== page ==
Apart from agriculture it would also have an adverse effect on the domestic water supply in Pakistan. With empty granaries, no water and failed economy the deep state of Pakistan will be forced to come on its knees. To complicate the matters further Pakistan’s fresh water resources are declining rapidly. Therefore, Pakistan is almost totally dependent on the Indus water flowing from India, a major strategic vulnerability. India is thus in a position to cause a major catastrophe in Pakistan, without use of force, by squeezing Indus river waters. Even ‘maximising exploitation’ of our own share of water can create unbearable problems for Pakistan. The preceding analogy does not take into consideration the climate change and global warming leading to rapid depletion of Himalayan glaciers which will also add to Pakistan’s woes since the Indus is most vulnerable to global warming.

Now let us examine the China bogey being raised by some to caution India to go slow. The newspaper headlines announce, “Brahmaputra tributary blocked by China for dam, may hit water flow”. The pessimists are terming it as a warning to India since the blockade has come at the time when India has renewed the focus on IWT. It is important to get a few facts clear to put the apprehensions to rest. Firstly, the proposed dam on Yarlung-Tsangpo is not new but an old project and it is run of the river project meaning flow of the water cannot be stopped. Secondly, this is not the only project on this river, there are five other projects also underway which are also run of the river projects. Thirdly and the most important, about 67% catchment area of Brahmaputra that contributes to its waters is in the Indian Territory. Fourthly, not only Tsangpo but other major rivers like Lohit, Subhansiri, Siyom and hundreds of other small tributaries merge into Brahmaputra, immediately after entering India in Arunachal Pradesh. India has satellite imagery of all these barrages. The ultimate fact is that even if China wants it cannot divert water from these rivers to main land China because there are too many mountain ranges in between and cannot be passed through. China’s effort at channelizing these waters northwards by constructing U-bend barrages also did not meet success.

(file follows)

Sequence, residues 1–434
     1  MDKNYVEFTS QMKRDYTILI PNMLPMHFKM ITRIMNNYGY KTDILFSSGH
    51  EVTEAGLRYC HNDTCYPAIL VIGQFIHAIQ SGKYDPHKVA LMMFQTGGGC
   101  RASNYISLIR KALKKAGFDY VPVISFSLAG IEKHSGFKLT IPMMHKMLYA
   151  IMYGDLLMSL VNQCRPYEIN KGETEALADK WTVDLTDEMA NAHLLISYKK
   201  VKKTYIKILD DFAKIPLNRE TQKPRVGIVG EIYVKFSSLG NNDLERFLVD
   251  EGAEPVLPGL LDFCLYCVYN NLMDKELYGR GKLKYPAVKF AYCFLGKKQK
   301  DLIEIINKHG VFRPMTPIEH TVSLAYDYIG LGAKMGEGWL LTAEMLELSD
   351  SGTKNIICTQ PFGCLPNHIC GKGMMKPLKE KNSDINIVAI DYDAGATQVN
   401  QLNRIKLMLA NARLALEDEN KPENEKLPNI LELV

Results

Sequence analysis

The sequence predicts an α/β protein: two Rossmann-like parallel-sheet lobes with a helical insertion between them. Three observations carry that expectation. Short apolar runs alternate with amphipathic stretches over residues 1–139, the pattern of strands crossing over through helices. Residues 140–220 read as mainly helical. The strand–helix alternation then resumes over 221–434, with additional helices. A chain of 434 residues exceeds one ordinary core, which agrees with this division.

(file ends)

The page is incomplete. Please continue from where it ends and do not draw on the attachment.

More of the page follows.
So, China can do very little or nothing in retaliation and India need not worry in case it wants to tighten the Indus tap against Pakistan. India should go ahead and review the treaty to undo the injustice done by the treaty to the people of Jammu & Kashmir. There is need for more hydro-electric projects in the state to generate much needed employment and harness the water of these rivers. There is also a need to divert the water of Chenab through a canal network to the barren Kandi belt of Jammu region in order to usher prosperity in the region.

*Brig. Anil Gupta is a Jammu based political commentator, columnist, security and strategic analyst. Comments and suggestions on this article can be sent on: [email protected]

South Asia Monitor

To create a more credible and empathetic knowledge bank on the South Asian region, SPS curates the South Asia Monitor (, an independent web journal and online resource dealing with strategic, political, security, cultural and economic issues about, pertaining to and of consequence to South Asia and the Indo-Pacific region. Developed for South Asia watchers across the globe or those looking for in-depth knowledge, reliable resource and documentation on this region, the site features exclusive commentaries, insightful analyses, interviews and reviews contributed by strategic experts, diplomats, journalists, analysts, researchers and students from not only this region but all over the world. It also aggregates news, views commentary content related to the region and the extended neighbourhood.

Leave a Reply

Your email address will not be published. Required fields are marked *